Ibuprofen for acute treatment of episodic tension‐type headache in adults
Tension‐type headache (TTH) affects about one person in five worldwide. It is divided into infrequent episodic TTH (fewer than one headache per month), frequent episodic TTH (1 to 14 headaches per month), and chronic TTH (15 headaches a month or more). Ibuprofen is one of a number of analgesics suggested for acute treatment of headaches in frequent episodic TTH.
To assess the efficacy and safety of oral ibuprofen for treatment of acute episodic TTH in adults.
We searched CENTRAL (The Cochrane Library), MEDLINE, EMBASE, and our own in‐house database to January 2015. We sought unpublished studies by asking personal contacts and searching on‐line clinical trial registers and manufacturers' websites.
We included randomised, placebo‐controlled studies (parallel‐group or cross‐over) using oral ibuprofen for symptomatic relief of an acute episode of TTH. Studies had to be prospective and include at least 10 participants per treatment arm.
Data collection and analysis
Two review authors independently assessed studies for inclusion, and extracted data. Numbers of participants achieving each outcome were used to calculate risk ratio (RR) and number needed to treat for an additional beneficial outcome (NNT) or number needed to treat for an additional harmful outcome (NNH) of oral ibuprofen compared to placebo for a range of outcomes, predominantly those recommended by the International Headache Society (IHS).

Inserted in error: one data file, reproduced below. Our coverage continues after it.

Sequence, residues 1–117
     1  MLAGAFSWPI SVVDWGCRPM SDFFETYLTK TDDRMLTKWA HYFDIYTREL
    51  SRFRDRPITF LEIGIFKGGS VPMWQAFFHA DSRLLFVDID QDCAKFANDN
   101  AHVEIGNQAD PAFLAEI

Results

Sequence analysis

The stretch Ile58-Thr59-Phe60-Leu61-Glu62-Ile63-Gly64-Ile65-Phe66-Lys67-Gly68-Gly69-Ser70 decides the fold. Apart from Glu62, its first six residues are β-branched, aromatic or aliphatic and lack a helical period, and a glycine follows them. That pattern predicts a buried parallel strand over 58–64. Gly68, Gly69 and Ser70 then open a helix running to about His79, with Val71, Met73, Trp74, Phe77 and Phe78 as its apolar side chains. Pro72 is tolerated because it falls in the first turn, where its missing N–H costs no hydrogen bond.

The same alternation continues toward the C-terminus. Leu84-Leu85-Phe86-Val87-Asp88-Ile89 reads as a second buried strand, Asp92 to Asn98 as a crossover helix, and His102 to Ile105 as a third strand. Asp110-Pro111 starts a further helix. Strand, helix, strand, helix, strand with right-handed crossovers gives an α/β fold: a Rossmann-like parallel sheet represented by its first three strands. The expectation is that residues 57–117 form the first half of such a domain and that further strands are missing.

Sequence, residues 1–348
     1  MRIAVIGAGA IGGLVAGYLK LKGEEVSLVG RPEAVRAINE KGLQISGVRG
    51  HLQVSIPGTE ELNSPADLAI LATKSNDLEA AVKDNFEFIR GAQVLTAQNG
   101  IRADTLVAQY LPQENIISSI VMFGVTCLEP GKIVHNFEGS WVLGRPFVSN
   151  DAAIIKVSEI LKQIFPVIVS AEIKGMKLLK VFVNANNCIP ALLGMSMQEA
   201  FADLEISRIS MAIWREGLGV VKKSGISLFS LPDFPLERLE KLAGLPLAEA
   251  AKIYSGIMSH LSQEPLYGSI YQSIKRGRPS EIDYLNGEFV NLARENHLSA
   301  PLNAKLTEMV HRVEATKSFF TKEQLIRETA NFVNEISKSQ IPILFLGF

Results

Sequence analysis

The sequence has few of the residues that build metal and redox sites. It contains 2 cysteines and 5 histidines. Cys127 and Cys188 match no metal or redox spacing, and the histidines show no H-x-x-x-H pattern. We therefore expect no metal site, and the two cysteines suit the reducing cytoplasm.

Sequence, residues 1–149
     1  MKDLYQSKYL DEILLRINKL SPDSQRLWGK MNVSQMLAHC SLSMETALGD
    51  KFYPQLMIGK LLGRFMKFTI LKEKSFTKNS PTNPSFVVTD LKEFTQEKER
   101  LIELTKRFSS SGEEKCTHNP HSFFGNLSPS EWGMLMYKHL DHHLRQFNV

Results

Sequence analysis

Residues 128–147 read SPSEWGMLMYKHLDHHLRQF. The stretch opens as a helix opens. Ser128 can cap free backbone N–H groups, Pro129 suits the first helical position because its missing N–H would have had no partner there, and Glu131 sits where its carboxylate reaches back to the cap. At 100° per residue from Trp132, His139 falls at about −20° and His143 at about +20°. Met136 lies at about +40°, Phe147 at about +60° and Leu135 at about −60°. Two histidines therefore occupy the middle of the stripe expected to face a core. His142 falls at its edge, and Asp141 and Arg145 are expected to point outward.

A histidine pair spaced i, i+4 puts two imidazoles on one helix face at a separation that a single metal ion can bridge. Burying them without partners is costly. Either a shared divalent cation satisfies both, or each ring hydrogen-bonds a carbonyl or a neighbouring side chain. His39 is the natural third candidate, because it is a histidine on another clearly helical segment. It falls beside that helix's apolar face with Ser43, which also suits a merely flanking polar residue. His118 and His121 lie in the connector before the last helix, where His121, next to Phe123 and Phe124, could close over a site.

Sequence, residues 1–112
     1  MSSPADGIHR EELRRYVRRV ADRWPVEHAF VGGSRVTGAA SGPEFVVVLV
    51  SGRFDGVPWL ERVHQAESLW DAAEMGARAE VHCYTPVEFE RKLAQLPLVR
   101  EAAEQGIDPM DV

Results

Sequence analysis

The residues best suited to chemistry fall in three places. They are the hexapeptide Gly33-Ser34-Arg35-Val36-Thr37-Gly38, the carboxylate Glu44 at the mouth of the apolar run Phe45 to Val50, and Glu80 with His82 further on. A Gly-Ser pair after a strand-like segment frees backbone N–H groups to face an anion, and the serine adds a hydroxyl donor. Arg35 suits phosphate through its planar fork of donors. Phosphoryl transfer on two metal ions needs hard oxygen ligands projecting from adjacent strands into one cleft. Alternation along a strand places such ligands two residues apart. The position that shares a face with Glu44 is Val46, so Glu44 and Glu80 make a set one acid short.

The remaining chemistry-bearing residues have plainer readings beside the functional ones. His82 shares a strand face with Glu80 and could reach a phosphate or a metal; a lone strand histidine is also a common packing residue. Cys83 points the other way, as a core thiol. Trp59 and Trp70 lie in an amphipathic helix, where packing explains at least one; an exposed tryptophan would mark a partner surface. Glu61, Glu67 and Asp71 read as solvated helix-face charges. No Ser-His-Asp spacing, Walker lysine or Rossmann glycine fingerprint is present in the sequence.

We included 12 studies, all of which enrolled adult participants with frequent episodic TTH. Nine used the IHS diagnostic criteria, but two used the older classification of the Ad Hoc Committee, and one did not describe diagnostic criteria but excluded participants with migraines. While 3094 people with TTH participated in these studies, the numbers available for any form of analysis were lower than this; placebo was taken by 733, standard ibuprofen 200 mg by 127, standard ibuprofen 400 mg by 892, and fast‐acting ibuprofen 400 mg by 230. Participants had moderate or severe pain at the start of treatment. Other participants were either in studies not reporting outcomes we could analyse, or were given one of several active comparators in single studies.
For the IHS‐preferred outcome of being pain free at 2 hours the NNT for ibuprofen 400 mg (all formulations) compared with placebo was 14 (95% confidence interval (CI), 8.4 to 47) in four studies, with no significant difference from placebo at 1 hour (moderate quality evidence). The NNT was 5.9 (4.2 to 9.5) for the global evaluation of 'very good' or 'excellent' in three studies (moderate quality evidence). No study reported the number of participants experiencing no worse than mild pain at 1 or 2 hours. The use of rescue medication was lower with ibuprofen 400 mg than with placebo, with the number needed to treat to prevent one event (NNTp) of 8.9 (5.6 to 21) in two studies (low quality evidence).
Adverse events were not different between ibuprofen 400 mg and placebo; RR 1.1 (0.64 to 1.7) (high‐quality evidence). No serious adverse events were reported.
Ibuprofen 400 mg provides an important benefit in terms of being pain free at 2 hours for a small number of people with frequent episodic tension‐type headache who have an acute headache with moderate or severe initial pain. There is no information about the lesser benefit of no worse than mild pain at 2 hours.
Sheena Derry, Philip J Wiffen, R Andrew Moore, Lars Bendtsen
Plain language summary
Oral ibuprofen for acute treatment of episodic tension‐type headache in adults
Frequent episodic tension‐type headache (TTH) means having between one and 14 headaches per month. The condition causes much disability, and stops people concentrating and working properly. When headaches occur the pain usually goes away over time.